More US Consumers Signing Long-Term Auto Loans

Cameron Aubernon
by Cameron Aubernon
more us consumers signing long term auto loans

In the past, six-year auto loans were few and far between. Today, more of those loans are being issued, with seven- and eight-year loans gaining popularity.

NPR reports such loans are helping to fuel a boom in U.S. new-car sales, with one-third of the loans lasting 74 months and beyond. AutoPacific analyst Ed Kim says the cars are one of the reasons for the long loans:

Consumers are demanding a lot more technology in their vehicles, infotainment technologies. There’s also a lot more safety features that are in vehicles right now. Emissions and efficiency technology that are in vehicles right now, that are making vehicles cost a lot more.

Kim adds that the main driver is that most consumers are still crawling out of the Great Recession, which Experian Automotive’s Melinda Zabritski says isn’t much of a problem as far as lending goes. She says that while it would be sensible to take on 36- or 48-month loans on a new vehicle, “the average consumer just can’t afford that.”

Critics counter that the long-term loans could hurt consumers and automakers alike in the near- and long-term. Consumer advocate Mike Sante states that those who are taking out those loans have no business doing so in the first place, and should buy a less expensive new or used vehicle with a loan of no more than four years. Honda Executive Vice President John Mendel, whose company offers 36- and 48-month loans, says loans beyond five years are too long, and adds that he hopes his competitors come to their senses.

Join the conversation
6 of 106 comments
  • Ruggles Ruggles on Mar 22, 2015

    RE: If interest rates are low enough, then why not go for the lowest possible payment by getting a longer-term loan? Still makes way more sense than leasing." Even if you have the money to pay cash, why do it? Keep your money in the market paying you 8% plus, and take a 0% - 3% car loan, and pocket the difference.

    • DenverMike DenverMike on Mar 22, 2015

      Not everyone is going to put everything they have into the "market". Or any of it into the "market". I definitely don't believe in putting too much into any one area for investing. Nor that 100% of your surplus, free and available income should be invested at all. As said over and over, one rule doesn't apply to everyone.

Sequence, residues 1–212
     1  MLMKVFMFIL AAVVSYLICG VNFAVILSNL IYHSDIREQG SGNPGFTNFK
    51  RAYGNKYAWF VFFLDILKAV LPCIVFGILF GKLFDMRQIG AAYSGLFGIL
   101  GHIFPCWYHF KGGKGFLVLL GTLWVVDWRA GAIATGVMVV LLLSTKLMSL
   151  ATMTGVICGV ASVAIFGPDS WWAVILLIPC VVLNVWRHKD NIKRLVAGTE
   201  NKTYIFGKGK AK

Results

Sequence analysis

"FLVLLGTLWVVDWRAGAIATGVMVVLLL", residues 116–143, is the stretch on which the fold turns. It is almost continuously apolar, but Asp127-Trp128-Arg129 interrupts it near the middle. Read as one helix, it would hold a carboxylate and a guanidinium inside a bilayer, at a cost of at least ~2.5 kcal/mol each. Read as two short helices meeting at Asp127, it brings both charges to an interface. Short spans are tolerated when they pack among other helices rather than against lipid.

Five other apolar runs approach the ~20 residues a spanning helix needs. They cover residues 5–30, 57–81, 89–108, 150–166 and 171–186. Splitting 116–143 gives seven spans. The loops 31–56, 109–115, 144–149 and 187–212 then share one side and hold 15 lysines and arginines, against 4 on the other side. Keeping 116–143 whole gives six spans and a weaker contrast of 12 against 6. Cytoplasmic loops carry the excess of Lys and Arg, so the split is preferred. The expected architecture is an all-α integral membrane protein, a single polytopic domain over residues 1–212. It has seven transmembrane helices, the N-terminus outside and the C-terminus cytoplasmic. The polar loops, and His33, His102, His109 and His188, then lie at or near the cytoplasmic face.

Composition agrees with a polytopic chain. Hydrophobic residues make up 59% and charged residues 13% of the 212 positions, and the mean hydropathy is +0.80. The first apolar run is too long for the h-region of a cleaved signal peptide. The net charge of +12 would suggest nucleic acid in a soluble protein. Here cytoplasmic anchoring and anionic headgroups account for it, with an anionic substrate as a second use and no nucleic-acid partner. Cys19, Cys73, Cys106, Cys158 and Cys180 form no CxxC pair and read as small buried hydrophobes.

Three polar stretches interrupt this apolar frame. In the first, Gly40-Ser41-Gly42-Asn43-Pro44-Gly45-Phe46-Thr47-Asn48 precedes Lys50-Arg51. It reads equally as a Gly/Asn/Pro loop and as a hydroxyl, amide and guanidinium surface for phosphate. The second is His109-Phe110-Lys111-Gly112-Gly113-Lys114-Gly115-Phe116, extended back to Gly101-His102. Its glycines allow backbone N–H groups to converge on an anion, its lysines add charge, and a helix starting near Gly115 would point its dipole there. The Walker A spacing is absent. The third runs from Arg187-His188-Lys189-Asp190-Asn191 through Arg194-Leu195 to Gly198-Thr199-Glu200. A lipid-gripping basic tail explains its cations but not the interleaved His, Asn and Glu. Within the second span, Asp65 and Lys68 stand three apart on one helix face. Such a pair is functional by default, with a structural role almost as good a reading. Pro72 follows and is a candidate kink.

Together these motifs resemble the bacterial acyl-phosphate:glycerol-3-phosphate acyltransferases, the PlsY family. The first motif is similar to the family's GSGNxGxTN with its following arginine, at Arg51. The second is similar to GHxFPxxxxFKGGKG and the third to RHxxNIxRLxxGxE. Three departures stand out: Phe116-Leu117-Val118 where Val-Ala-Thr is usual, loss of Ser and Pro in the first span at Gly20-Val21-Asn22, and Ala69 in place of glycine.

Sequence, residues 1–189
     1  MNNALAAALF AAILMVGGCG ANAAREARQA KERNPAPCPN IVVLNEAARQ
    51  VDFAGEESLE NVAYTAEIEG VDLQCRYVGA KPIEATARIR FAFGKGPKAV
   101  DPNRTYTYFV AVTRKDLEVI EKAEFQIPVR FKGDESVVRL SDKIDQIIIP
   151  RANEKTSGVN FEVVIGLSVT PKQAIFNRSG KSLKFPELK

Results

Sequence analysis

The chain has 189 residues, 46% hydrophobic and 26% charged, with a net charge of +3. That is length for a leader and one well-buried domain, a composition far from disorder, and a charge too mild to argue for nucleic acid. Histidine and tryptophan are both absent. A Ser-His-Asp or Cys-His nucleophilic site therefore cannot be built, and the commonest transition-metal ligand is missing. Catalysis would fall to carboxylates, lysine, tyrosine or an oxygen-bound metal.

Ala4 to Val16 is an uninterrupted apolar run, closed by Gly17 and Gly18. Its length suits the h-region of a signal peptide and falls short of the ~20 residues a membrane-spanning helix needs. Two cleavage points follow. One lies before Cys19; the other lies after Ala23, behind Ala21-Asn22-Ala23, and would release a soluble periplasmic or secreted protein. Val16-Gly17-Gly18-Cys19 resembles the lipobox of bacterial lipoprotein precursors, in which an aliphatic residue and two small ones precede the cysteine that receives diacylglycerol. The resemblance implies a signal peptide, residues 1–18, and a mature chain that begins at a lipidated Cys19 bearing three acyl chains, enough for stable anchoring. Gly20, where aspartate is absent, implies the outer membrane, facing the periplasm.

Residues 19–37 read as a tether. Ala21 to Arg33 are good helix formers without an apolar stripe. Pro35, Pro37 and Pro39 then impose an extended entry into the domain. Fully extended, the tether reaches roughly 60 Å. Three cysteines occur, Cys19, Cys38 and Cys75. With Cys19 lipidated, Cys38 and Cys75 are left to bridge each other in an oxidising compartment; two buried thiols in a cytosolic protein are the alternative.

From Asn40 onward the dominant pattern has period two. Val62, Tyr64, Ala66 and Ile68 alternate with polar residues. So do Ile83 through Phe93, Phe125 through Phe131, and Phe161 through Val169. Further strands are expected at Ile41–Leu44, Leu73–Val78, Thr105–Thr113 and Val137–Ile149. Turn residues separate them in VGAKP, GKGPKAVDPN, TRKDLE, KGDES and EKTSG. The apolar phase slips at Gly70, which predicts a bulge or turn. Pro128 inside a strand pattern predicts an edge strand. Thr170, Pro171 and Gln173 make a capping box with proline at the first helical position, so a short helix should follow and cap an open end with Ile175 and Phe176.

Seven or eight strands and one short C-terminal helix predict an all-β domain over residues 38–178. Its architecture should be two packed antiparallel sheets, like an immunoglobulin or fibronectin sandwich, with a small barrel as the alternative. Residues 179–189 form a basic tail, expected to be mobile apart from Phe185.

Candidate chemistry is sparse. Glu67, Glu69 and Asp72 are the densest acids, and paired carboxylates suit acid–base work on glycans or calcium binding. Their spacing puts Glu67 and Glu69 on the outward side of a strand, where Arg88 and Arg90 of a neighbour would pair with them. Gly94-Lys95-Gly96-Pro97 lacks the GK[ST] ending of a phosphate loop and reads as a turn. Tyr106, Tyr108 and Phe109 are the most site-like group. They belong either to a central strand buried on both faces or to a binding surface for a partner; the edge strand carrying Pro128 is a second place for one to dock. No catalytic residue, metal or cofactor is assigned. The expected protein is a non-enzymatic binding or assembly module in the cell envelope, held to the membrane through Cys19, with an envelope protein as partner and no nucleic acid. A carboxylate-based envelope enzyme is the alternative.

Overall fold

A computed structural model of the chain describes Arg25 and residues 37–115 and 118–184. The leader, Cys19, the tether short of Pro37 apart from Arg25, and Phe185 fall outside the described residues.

• Ruggles Ruggles on Mar 22, 2015

    Certainly one rule doesn't apply to everyone. Would you bury your surplus in the back yard?

    • DenverMike DenverMike on Mar 22, 2015

      I wouldn't bury a lot of cash in the back yard, but that's the way it's always been done. Still done. Over a 100K is risky. But same with banks. Lots of things you can own off the books or have vague value.

  • AGR AGR on Mar 22, 2015

    In Canada it revolves around a monthly payment of $500. per month which is a constant for the past several years. Transactions are closed on the basis of the monthly payment, and who can turn over deficiencies. Aspiring towards vehicle ownership is a thing of the past, having mobility for a monthly fee is the new direction. Especially with increased technology that makes vehicles obsolete (from a technology perspective) and disposable.

  • Ennis Ennis on Mar 22, 2015

    I took the 0% 6-year offer VW gave me when I bought my current car ('13 Golf TDI). They were heavily advertising 0% for 5 years, and when the F&I guy said they could actually do 6 years I couldn't see any reason not to. I will probably pay it off in another year or two at bonus time, otherwise given the miles I drive (15k or 16k a year) it would have just under 100k by the time it is paid off. That's a little frightening for a VW (I have had three GTIs prior, both good and bad experiences), so I added the mechanical breakdown coverage to my Geico policy (~$5/month covers you up to 100k with a $100 deductible per occurrence). As long as you are reasonably smart about it, I don't see a reason not to take the free money for as long as they'll give it to you.